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I am using AICc for small sample sizes to compare 8 a priori models (including null model). I fitted my models using a GLMM due to the nested nature of my data and defined the family as 'poisson' based on a visual inspection of the error structure from my residual vs fitted values plot.

After running my analysis using lmer from the lme4 package in R, I obtain very large log likelihood values, e.g., LL = -120995125, which makes the delta AICc values very large as well, e.g., difference between 'best' fit model and second ranking model is 12422654. This makes comparison within the model set rather dubious.

I was wondering if anyone has encountered a similar problem or if there is something I am missing when using family=poisson for lmer in my model fitting.

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  • $\begingroup$ I suspect Poisson isn't the best choice of family. Is your dependent variable non-negative integer-valued? You might want to try "Gamma", which at least allows var != mean, just to see what happens. You can still put in "link=log" if you want to retain the log link function that's default with the Poisson family. $\endgroup$ – jbowman May 7 '12 at 16:56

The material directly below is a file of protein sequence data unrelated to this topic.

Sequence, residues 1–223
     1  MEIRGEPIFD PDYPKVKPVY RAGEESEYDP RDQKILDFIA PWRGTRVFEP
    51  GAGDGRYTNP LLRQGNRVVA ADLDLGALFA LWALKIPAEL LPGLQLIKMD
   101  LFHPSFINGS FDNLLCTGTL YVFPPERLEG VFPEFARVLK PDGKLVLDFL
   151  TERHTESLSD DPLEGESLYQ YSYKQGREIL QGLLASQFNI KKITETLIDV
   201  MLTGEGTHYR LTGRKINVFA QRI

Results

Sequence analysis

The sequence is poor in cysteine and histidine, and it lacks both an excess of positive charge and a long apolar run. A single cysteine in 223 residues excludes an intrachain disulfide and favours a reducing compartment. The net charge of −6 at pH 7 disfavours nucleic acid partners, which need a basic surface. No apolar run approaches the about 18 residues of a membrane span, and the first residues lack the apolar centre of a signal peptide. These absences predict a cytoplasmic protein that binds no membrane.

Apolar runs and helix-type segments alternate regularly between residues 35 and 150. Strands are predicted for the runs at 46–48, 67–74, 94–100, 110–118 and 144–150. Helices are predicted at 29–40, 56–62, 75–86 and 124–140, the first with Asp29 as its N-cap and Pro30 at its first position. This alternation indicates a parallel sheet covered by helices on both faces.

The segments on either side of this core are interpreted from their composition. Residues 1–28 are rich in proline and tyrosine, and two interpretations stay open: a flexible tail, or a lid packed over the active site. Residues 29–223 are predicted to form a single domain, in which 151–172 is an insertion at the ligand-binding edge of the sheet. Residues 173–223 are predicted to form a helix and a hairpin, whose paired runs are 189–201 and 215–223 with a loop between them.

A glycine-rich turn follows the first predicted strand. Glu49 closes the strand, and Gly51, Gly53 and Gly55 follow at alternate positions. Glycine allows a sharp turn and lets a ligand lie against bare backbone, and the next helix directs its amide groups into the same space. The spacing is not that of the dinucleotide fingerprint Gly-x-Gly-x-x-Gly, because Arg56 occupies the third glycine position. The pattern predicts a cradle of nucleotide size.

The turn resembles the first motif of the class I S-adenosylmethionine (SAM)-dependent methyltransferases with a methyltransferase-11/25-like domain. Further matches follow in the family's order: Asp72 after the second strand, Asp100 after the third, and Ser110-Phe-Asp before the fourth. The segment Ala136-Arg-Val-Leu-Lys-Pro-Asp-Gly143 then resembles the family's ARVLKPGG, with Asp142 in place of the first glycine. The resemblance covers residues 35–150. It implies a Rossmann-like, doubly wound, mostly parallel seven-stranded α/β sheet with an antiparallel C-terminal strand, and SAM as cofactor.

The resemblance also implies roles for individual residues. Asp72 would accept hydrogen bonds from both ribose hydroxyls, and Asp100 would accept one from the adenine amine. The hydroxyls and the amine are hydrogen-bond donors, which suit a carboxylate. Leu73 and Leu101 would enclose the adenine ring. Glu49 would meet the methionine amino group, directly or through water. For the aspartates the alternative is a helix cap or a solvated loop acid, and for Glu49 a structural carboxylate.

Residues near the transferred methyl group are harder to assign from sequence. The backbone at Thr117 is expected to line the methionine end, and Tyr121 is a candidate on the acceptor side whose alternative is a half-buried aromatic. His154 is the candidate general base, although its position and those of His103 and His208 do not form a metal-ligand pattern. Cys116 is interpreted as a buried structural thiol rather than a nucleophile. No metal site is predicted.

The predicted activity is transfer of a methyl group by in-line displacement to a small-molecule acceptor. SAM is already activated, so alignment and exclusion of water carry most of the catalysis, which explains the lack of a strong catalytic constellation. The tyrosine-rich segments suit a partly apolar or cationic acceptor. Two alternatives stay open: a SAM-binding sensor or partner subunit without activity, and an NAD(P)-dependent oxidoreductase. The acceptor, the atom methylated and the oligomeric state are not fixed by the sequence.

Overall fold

• $\begingroup$ Thanks for your comment. Yes my dependent variable is non-negative integer-valued. I have followed your suggestion adding family=Gamma(link="log") but received an error: Error in asMethod(object) : matrix is not symmetric [1,2]. Do you know why this may be the case? Currently checking other threads to see what others may have come across. $\endgroup$ – jlsh May 8 '12 at 7:01
  • $\begingroup$ Huh, I've never seen that error. Could you post a histogram of the dependent variable, or if the range (upper bound) is not large, a table? $\endgroup$ – jbowman May 8 '12 at 14:12
  • $\begingroup$ Unfortunately I do not have enough reputation to upload images as a newbie. However, the histogram of the response variable looks like a mirror image of an exponential curve, i.e., high frequency of low x values and steep drop as x values increases. I hope the verbal illustration was clear. $\endgroup$ – jlsh May 9 '12 at 9:37
  • $\begingroup$ I would not be so quick to withdraw a Poisson distribution. LogLikelihood my be huge do to other reasons. For example consider $X \sim Poisson(t \lambda)$. If $t=10^9$, $X=1000$, $\lambda = 2$, then the log-likelihood would be equal to 2000015504. So, do you have in your data very large values? $\endgroup$ – Tomas Sep 12 '12 at 12:40

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